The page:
• Majority of female sex workers join the trade voluntarily-survey says - 2011

    A news story in the Health(Y) Destination on May 1 2011.

    A recent survey conducted at Pune reveals that 70 percent of the female sex workers join the trade voluntarily and they were not forced or sold.

    Most of the sex workers join the trade only in their later age after relieved from other labour such as domestic work and construction of building work. It is revealed that the sex work is also felt by them as that of the other labour work.

    The findings were revealed by a survey conducted by ‘First pan-India survey of sex workers’ at Pune University.

  • Motivations for entry into sex work and hiv risk among mobile female sex workers in India. - 2011

    This paper assesses the reasons for entry into sex work and its association with HIV risk behaviours among mobile female sex workers (FSWs) in India. Data were collected from a cross-sectional survey conducted in 22 districts across four high HIV prevalence states in India during 2007-2008. Analyses were limited to 5498 eligible mobile FSWs. The reasons given by FSWs for entering sex work and associations with socio-demographic characteristics were assessed.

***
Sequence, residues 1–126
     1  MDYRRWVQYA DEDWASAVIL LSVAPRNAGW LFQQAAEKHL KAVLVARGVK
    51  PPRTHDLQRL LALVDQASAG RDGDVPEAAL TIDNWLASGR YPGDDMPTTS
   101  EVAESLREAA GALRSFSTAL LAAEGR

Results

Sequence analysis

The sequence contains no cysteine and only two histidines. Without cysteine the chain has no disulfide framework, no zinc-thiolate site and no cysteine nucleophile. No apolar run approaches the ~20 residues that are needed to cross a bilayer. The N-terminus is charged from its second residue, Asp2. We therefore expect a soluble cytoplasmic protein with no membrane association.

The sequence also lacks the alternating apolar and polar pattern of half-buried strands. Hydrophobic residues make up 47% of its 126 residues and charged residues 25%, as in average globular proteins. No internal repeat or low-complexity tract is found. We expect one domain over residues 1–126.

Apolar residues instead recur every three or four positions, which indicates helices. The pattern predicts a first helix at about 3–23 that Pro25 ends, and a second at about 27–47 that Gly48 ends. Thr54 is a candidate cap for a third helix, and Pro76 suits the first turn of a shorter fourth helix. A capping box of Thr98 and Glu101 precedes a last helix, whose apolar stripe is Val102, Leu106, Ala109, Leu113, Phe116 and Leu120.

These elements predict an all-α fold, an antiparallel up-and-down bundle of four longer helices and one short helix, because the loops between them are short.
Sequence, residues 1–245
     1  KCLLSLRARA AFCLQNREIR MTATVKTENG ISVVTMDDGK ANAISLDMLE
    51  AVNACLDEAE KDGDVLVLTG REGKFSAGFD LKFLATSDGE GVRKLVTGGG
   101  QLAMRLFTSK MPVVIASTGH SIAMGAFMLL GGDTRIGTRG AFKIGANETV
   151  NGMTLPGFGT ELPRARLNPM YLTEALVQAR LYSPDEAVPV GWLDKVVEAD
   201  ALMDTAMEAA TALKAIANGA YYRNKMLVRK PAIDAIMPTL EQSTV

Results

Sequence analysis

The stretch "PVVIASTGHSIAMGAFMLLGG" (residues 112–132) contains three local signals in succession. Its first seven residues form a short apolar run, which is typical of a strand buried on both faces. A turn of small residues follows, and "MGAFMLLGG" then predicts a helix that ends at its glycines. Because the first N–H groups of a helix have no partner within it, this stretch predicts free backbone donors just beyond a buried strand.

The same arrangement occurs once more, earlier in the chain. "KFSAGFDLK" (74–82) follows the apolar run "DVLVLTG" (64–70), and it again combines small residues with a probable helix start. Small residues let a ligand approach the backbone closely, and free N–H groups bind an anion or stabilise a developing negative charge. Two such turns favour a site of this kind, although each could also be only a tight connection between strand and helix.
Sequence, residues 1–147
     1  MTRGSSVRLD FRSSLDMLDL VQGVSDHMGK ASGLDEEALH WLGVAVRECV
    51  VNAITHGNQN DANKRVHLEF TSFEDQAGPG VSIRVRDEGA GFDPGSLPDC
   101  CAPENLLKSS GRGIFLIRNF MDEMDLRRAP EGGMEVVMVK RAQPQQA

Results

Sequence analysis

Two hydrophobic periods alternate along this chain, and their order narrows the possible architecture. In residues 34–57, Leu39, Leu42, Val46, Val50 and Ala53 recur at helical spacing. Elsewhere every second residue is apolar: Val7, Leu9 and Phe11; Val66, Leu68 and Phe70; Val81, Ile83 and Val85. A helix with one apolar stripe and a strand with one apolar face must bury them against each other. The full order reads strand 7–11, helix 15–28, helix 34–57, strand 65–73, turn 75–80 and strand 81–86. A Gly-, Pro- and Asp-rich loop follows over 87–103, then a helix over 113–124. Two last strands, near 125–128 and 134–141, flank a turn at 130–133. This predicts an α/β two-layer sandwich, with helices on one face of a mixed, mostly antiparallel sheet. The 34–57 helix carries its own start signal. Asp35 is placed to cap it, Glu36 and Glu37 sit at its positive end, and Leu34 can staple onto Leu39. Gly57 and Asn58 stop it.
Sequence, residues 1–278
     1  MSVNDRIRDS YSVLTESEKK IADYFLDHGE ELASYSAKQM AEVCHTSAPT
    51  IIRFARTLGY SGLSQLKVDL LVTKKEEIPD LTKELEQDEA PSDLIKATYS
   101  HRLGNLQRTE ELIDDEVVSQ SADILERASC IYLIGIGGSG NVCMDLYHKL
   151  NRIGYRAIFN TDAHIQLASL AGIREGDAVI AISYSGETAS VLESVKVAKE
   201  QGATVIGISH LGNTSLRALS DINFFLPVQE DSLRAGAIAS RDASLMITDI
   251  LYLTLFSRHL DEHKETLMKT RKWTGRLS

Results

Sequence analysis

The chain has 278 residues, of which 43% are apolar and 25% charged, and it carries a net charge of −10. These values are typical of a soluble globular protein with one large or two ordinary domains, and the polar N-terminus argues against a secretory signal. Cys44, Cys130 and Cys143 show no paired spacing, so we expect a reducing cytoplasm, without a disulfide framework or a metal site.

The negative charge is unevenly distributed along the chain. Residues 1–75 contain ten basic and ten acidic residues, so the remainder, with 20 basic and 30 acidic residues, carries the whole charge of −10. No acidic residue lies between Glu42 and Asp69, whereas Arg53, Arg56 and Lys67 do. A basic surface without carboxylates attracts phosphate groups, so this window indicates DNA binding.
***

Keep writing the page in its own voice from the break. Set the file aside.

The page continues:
• Pan-India Survey of Sex Workers - 2011

    Brick carrying is work but it pays less than sex workThis survey of female sex workers found that poverty and limited education push women into several kinds of work including sex work. Therefore, sex work cannot be considered as singular or isolated in its links with poverty, as other occupations are pursued before sex work emerges or is considered as an option. Sex work may also be regarded as offering a significant supplementary income to other forms of labour.

  • Per diems in Africa: a counter-argument - 2011

    This article suggests tht  'An open and frank discussion about the extent and impact of per diems on the functioning of health interventions, systems and research'   While the ‘culture of per diems’ can be associated with civil servants involved in health care projects and delivery, we suggest that a more balanced argument would be presented, if per diems were discussed in relation to macroeconomic and structural influences...All actors in global health should be named and examined accordingly.